as men who have Sophocles at their fingers’ end regard those who know nothing of Greek
Trollope uses a simile here to describe the extreme emphasis which Mr. Thorne places on people’s family history. He is said to view individuals of less noble blood in a condescending manner much like highly educated people (who would be able to read and understand Sophocles, a Greek tragic playwright) might look down on and even pity those with less education. [MD 2005]
Trollope here likens two expressions of cultural clout: that coming from birth, and that coming from a Classical education. [RR 2011]
genuine as ichor
Ichor is described in Homer’s Iliad as the immortal blood of the gods. Mr. Thorne is here likening the blood of his family to the blood of the gods, comparing his nobility to that of a separate, higher race of beings. [MD 2005]
Sources: Homer, Iliad, 5.339-340
Trollope here refers to fifty-three members of the British Parliament, who are unflinchingly stubborn, as Trojans. I think that this is a reference to the warriors of the ancient city of Troy who fought the invading Greeks up until the very end. [MD 2005]
Eleusis, a city in Attica, was the site of these religious rites performed by the ancient Greeks. We know that the initiates were honoring the Greek goddess Demeter, but less is known about the procedures themselves. The Homeric Hymn to Demeter provides a mythological explanation for the foundation of the rites. [MD 2005]
Sources: The Homeric Hymn to Demeter.
The Meridian Handbook of Classical Mythology.
According to the OED, this word refers to a statue of the Greek goddess Athena, specifically the one which guarded the city of Troy because she was the patron goddess of the Trojan people. When this statue was stolen, Troy fell, and that is what Trollope is referring to here. When free trade opened up in England and the Corn Laws were repealed in 1846 by a member of the Tory party, Mr. Thorne felt betrayed by his own political party, the only ones he believed would uphold his views. Free trade and the Corn Laws, then, were Mr. Thorne’s own personal palladium, which he believed had helped stabilize England and sustain it from economic ruin. [MD 2005]
the feeling of Cato
Marcus Porcius Cato (95-46 BCE) was a Roman politician who became involved in the civil war between Julius Caesar and Pompey. In 52 BCE, he resigned his position as praetor and supported Pompey’s election as sole consul. In the war, he served in Sicily and Asia, and after the conflict went to Africa to placate many of Pompey’s supporters. In April 46 BCE Cato committed suicide rather than accept a pardon from Caesar. He became a martyr with this act and was highly respected for it; therefore, he was an inspiration to many later political martyrs, and this is the context in which Trollope uses his name. [MD 2005]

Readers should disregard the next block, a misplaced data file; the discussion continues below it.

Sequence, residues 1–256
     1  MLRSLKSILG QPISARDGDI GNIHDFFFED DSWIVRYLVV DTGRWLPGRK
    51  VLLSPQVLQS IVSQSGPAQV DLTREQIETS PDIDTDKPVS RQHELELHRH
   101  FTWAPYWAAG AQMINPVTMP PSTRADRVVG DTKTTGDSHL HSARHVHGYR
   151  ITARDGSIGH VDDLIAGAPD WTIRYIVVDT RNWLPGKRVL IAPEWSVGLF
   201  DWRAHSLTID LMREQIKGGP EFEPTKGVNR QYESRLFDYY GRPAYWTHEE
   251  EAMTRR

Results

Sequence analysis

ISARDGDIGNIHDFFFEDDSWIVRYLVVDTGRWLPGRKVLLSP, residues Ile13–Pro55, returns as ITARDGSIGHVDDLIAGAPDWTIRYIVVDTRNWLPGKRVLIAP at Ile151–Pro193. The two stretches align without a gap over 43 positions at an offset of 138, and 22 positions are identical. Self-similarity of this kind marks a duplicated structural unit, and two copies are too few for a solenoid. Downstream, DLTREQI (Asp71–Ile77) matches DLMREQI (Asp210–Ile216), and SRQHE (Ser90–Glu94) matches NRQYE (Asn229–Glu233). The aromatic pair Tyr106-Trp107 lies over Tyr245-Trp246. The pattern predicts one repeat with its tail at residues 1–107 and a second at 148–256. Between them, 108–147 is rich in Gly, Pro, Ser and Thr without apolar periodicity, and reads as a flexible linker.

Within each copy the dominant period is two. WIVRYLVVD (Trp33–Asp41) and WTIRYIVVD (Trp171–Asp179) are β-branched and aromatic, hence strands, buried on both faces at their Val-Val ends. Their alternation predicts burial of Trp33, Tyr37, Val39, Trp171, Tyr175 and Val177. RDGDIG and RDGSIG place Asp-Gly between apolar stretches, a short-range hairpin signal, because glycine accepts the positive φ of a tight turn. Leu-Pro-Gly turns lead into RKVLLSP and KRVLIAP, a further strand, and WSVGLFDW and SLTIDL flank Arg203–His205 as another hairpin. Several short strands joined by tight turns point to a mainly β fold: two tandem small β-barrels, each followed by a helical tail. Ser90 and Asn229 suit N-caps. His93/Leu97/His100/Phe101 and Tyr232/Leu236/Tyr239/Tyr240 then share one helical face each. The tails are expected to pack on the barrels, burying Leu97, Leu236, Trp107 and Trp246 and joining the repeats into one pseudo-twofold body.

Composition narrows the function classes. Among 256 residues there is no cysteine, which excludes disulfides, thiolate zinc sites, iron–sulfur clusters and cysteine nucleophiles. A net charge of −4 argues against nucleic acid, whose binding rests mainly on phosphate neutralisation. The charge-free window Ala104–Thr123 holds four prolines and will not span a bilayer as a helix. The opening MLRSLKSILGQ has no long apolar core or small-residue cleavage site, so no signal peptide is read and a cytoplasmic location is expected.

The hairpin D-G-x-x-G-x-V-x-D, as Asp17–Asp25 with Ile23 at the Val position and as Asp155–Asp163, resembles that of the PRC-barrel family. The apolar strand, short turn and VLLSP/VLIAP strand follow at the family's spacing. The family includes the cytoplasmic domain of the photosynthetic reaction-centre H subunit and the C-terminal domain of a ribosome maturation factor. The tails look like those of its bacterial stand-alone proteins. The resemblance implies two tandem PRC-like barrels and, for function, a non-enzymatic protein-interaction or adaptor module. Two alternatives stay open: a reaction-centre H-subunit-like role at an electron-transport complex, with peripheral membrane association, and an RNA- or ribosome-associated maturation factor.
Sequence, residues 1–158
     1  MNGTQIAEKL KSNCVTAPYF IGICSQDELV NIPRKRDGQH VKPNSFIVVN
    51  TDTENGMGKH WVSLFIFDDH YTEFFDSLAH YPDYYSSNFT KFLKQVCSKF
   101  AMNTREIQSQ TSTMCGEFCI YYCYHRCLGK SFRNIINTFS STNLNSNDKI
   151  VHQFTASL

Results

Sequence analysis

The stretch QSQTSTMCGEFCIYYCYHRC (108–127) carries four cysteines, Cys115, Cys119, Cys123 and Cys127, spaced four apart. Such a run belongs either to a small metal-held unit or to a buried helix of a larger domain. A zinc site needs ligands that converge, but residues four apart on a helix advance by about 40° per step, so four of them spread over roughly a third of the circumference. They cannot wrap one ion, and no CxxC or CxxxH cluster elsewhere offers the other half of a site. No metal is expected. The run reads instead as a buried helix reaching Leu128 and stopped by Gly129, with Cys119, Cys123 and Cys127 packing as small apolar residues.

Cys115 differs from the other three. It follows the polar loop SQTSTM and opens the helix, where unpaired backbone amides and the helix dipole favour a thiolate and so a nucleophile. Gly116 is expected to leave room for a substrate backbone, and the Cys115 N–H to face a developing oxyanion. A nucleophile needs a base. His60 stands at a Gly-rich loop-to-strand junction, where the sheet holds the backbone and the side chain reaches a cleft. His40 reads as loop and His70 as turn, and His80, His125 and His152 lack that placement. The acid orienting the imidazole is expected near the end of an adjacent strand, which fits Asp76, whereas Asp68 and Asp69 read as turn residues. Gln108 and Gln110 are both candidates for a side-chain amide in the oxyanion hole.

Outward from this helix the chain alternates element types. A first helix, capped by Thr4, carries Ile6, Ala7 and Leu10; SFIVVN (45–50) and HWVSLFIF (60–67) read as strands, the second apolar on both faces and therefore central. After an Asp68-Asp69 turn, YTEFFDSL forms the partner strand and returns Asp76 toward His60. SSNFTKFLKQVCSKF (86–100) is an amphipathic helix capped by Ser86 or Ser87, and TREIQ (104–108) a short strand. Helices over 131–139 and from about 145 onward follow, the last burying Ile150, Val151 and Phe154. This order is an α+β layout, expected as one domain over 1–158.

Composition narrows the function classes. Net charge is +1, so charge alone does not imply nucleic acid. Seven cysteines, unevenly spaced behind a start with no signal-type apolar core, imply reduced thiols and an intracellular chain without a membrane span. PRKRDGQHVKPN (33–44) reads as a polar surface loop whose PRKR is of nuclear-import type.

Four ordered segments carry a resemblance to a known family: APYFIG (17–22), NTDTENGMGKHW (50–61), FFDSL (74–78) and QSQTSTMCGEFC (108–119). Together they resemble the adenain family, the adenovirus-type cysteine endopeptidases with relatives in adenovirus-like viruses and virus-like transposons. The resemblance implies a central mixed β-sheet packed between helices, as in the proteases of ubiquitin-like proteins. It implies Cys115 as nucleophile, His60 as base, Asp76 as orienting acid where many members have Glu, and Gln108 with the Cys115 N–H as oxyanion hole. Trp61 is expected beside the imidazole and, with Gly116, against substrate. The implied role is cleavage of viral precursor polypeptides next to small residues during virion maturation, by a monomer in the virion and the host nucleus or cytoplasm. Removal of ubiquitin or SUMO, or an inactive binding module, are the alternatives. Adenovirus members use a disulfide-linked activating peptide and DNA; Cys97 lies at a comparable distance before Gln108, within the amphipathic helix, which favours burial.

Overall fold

A reference to St. Augustine, first a priest and later a bishop, who lived during the fourth and fifth centuries CE. St. Augustine was a very popular Christian writer, who wrote such works as the Confessiones (Confessions) and De Civitate Dei (The City of God), which would influence Christian doctrine for centuries. [MD 2005]
Miss Thorne armed for battle
This scene may humorously recall the depiction of Hera in Homer’s Iliad when she dresses up in order to seduce Zeus. Although she is not actually readying herself to fight, Hera’s toilette is presented as equivalent to men’s preparations for battle; her clothing and jewelry is equal to their armor and weapons. Trollope describes Miss Thorne, after she is dressed, as being “armed” head-to-foot, as though she herself was getting ready to fight, though her battle is one of hospitality rather than one of seduction. Trollope also compares twenty-nine of Miss Ullathorne’s skirts to twenty-nine shields of Scottish heroes and describes them as being just as protective. [MD & RR 2005]
Sources: Homer, Iliad, 14.166-186.
the ruins of the Colosseum
The Colosseum was a massive structure built in Rome by the Flavian emperors (begun by Vespasian and finished under his son Titus) and was used to house gladiatorial games and other contests. The worldwide popularity of the now somewhat debilitated structure is what Trollope is referring to here, and it is mentioned alongside the names of other famous landmarks. [MD 2005]
fawns, nymphs, satyrs, and a whole tribe of Pan’s followers
Pan was the god of shepherds and their flocks, and he had the legs and horns of a goat himself. Myth has him living in the mountains, dancing, singing, and playing his pipes with the nymphs who were his companions. Pan is often grouped with satyrs in Classical depictions, and this is a result of their similar physical appearances. [MD 2005]
Sources: . The Meridian Handbook of Classical Mythology.
fawns and satyrs
A continuation of the above.